Nominate a gully for LDC attention

  • August
  • BBB catchment
  • Contact a member of the LDC team

GOT an eroding gully problem?
If you’re in the Bowen, Broken, Bogie catchment, you’re probably in luck.
The Landholders Driving Change project team is keen to assess problem gullies in the BBB as part of its aim of reducing sediment in the water that flows into the Great Barrier Reef lagoon.
They’re particularly interested in features with an active erosion problem that are between 1ha and 5ha.
It’s as simple as giving one of the Bowen-based team a call (see Page 4 for contact details) to nominate an erosion feature for attention by the LDC project.
There’s no time to waste as the cut-off to nominate an area for assessment is 10 August.
The team will be assessing nominated sites during August, then, based on the amount of sediment that potentially could be prevented from entering the waterways, the sites will be prioritised.
Even if you’re not sure, give the team a ring and the Landscape Remediation working group will be able to assist in site selection which will become demonstration sites.
Should the site qualify, construction and implementation of the work would be covered 100 per cent by the project, requiring only the landholder’s time and imagination in return.
Work on selected sites will begin, and, in some cases, be completed this year.

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KEQ #1

Figure 1. Total fine sediment reduction by project type and erosion source. Inset shows the proportion of the total project area for each project type.

These estimates have been calculated using two methods: 

1) The pollutant reduction component of the Alluvium/Great Barrier Reef Foundation (GBRF) investment tool for hillslope and streambank erosion management projects;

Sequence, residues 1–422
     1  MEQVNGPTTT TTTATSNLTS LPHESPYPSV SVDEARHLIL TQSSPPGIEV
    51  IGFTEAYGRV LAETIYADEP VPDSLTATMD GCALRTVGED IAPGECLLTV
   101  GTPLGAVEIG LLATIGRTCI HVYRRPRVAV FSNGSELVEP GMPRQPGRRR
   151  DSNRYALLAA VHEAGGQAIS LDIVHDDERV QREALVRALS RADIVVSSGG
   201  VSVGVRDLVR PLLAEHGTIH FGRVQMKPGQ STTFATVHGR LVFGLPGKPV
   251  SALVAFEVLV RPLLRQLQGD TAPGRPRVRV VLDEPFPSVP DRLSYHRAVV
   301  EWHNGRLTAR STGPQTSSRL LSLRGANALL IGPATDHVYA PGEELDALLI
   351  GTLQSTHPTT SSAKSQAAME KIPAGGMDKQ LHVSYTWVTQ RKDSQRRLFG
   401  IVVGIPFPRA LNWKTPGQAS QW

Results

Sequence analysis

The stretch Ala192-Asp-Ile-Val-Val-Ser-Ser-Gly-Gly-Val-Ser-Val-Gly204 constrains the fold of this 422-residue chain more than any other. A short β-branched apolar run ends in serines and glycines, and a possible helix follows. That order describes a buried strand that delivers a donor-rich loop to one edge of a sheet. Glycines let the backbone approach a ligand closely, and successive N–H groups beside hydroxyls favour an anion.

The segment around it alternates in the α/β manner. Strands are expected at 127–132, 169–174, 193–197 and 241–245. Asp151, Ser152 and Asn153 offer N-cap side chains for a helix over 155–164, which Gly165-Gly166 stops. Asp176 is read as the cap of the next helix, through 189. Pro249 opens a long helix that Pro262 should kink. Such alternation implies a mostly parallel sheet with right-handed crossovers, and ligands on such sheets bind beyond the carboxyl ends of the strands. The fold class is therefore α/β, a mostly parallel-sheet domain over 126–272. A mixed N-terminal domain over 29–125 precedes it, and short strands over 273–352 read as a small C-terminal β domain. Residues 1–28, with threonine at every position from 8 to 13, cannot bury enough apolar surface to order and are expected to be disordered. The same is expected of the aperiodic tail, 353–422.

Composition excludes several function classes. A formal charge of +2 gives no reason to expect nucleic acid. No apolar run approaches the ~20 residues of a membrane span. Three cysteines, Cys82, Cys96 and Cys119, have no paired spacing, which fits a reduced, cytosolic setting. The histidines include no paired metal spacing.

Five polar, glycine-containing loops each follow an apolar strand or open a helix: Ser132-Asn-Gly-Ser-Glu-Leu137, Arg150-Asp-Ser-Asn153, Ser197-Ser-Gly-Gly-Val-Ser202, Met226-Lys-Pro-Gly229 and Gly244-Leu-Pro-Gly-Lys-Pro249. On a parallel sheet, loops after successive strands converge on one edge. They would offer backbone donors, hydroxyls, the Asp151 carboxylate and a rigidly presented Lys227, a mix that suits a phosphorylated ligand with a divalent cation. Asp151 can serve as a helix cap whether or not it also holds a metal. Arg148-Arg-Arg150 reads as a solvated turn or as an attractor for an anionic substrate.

2) The Reef Trust Gully Toolbox method for gully erosion management projects. The LDC Water Quality Report 2020 (Waterhouse et al., 2020) highlights that a number of assumptions underlay these calculations, therefore these figures should be treated as the best available estimate of sediment reductions to date.

Preventing sediment from reaching the Great Barrier Reef

Each wet season sediment is washed into local waterways and out to the Great Barrier Reef (GBR). 

Most sediment is very fine, and can stay suspended for a long time and can travel great distances. Valuable topsoil is lost from production, and increased concentrations on the reef can be harmful to seagrasses and corals. 

Landholders in the BBB have completed 69 on-ground water quality practice changes, and it is estimated that these have contributed a fine sediment reduction of 6,154 tonnes per year from reaching the GBR. 

Of this, approximately half of the sediment savings are attributable to grazing land management changes on hillslopes and streambanks, and the other half as a result of gully remediation treatments across a broad range of scales, as shown in the graphs above. 

The table below also highlights the relatively small area of intervention in the gully management projects compared to the large sediment savings that these can achieve - 60 per cent of the sediment savings over only 4 per cent of the project area.

Table 1. Estimated sediment reductions (tonnes) from projects completed in the LDC Project to date.

KEQ #2

*GLMWW = Grazing Land Management Wire and Water

KEQ #3

*The Exploring New Incentives activity area has provided an opportunity for graziers to adopt improved land management practices through a range of activities. For some of these properties, it was the first time they signed contracts for on-ground works.

KEQ #4

The LDC project monitors four gully sites (represented in this table) with gold standard equipment and analysis, carried out by CSIRO.

Results have been compiled in a preliminary report from Bartley et al (2020), with the final report expected to be released by the end of 2020. The preliminary report shows all four sites have indicators of improvements, notably the Strathbogie and Mt Wickham sites.

KEQ #5

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Reef regulations - grazing, standard conditions

  1. For land in good or fair condition (more than 50 per cent ground cover at 30 September), continue using measures to maintain land condition.
  2. For land in poor condition (less than 50 per cent ground cover at 30 September), steps must be taken to improve land condition.
  3. For land in degraded condition (less than 20 per cent ground cover at 30 September), steps must be taken to improve land condition OR prevent areas from further degrading or expanding.
  4. Keep records of measures taken and also of agricultural chemicals, fertiliser and mill mud or mill ash applied to land.
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